This Sunday, the Packers look to establish their first winning record of the season as they take on the defending Super Bowl champion Baltimore Ravens. Jason Butt of Baltimore Beat Down was kind enough to answer some questions about the Ravens and gives us his game prediction.
APC: Prior to last week's win over previously undefeated Miami, the Ravens had the look of a team that would take care of business at home but let down on the road. What changed last week for Baltimore?
What happened is the Ravens returned to the run game and gave Ray Rice 27 carries. When the Ravens stick with the run, even when it's not working the way they want it to, they have a greater chance for success. Since Rice's rookie season, the Ravens are 34-9 when Rice gets 20 or more touches per game. They looked abysmal against Buffalo when Rice got the ball five times. Rice has to be a focal point in Baltimore's offense for it to be successful. Though they paid Joe Flacco a ton of money, he's not the centerpiece to what clicks. The Ravens don't have the receiving depth for Flacco to be able to carry an offense at this time.
What's unique about it is that a lot of folks in Baltimore lauded the coaching staff for returning to the run. In a way, that, by design, masks an even bigger problem: the Ravens still can't run the ball. With left tackle Eugene Monroe expected to start Sunday, the organization is hoping he can be the presence needed to run power left with Vonta Leach lead blocking.
It's been a struggle all year. But it's something the Ravens have to stick with to be successful. It's amazing when a player like Ray Rice struggles, he still commands the kind of attention that can open up an offense.
APC: Last year, the Ravens' strength on offense was their ground game featuring Ray Rice and Bernard Pierce. Through the first five weeks of 2013, each has averaged less than 50 yards per game and three yards per carry. Can you shed some light on what's causing their struggles?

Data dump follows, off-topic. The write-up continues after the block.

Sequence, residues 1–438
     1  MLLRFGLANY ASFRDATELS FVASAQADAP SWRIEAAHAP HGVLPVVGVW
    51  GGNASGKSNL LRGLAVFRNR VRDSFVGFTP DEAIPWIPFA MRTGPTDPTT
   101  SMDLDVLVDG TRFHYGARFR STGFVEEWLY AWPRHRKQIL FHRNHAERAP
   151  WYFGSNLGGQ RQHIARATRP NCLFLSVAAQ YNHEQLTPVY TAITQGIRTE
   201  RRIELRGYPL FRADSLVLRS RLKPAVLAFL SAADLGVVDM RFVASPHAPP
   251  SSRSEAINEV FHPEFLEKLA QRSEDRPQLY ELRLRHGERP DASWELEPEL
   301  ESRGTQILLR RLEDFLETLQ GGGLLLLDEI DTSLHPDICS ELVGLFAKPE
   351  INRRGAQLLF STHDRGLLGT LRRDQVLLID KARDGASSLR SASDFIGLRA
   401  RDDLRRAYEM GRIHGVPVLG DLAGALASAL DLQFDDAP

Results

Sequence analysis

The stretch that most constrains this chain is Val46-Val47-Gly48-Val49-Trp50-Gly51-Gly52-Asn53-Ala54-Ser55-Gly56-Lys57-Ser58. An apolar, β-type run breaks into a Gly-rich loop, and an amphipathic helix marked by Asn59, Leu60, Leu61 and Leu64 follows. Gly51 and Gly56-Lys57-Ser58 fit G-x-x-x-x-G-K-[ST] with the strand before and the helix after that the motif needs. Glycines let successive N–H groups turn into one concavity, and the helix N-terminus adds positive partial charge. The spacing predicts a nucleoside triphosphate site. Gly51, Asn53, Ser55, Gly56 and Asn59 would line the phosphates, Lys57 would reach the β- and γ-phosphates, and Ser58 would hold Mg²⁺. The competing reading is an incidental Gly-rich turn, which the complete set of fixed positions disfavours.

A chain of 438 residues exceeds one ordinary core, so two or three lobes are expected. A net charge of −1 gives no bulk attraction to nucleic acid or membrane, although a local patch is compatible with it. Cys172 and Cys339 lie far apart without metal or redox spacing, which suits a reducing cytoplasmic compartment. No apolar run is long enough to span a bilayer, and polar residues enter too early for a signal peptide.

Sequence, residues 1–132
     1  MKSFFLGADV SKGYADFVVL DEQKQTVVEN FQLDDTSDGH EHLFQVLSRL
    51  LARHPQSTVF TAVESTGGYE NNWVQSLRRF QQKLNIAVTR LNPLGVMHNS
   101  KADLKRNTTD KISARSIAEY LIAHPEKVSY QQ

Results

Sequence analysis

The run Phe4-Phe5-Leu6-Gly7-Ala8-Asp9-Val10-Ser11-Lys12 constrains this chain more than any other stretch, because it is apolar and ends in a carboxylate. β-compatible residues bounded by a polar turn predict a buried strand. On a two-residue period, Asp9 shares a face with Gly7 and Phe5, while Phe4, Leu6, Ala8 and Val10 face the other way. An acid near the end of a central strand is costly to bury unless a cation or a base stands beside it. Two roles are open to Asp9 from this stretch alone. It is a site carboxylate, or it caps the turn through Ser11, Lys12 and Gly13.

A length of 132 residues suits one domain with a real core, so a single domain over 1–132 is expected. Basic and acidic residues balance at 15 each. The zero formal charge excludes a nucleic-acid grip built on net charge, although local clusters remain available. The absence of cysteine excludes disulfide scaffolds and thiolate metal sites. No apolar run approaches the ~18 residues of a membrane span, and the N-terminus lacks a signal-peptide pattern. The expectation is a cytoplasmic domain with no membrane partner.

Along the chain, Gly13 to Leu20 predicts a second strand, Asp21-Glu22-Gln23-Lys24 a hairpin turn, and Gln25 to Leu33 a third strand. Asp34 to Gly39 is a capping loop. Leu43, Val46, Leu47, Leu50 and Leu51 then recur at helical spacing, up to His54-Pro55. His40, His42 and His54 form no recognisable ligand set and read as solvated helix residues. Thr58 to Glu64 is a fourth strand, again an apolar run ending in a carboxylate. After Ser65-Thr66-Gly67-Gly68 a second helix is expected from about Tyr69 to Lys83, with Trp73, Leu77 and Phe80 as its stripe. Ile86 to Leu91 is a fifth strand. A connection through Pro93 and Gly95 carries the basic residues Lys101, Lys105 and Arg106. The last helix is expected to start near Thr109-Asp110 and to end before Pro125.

It's caught everyone by surprise because four of the five linemen that were a part of last year's Super Bowl run are back this year. The lone difference is center Gino Gradkowski, who, to his credit, isn't getting pushed around out there. However, there are some issues he's still working with. He has to be more confident in his calls at the line of scrimmage. Last week he admitted that he's making his calls and then second-guessing himself after the snap. If he can fix that, the line may look more in sync.
The other issue has been McKinnie. He looked great during the Super Bowl run, but he spent the entire season in coach John Harbaugh's doghouse and on the bench. An injury to guard Jah Reid shuffled the lineup and got him in, and a motivated and determined McKinnie helped propel this team to a championship.
This year, he came into camp overweight and has not protected well. The Ravens choose not to run the ball to his side, opting for runs up the middle or stretch plays off of right tackle Michael Oher. Monroe's presence, in theory, should fix this.
APC: As everyone has read a thousand times, Joe Flacco's run of magical performances in last season's playoffs earned him that fat new contract along with a Super Bowl ring. This season hasn't been quite as magical as Flacco's completion percentage, yards per attempt, touchdown percentage, and interception percentage all trail his career averages. Should there legitimate concern about Flacco, or is this just a case of small sample size?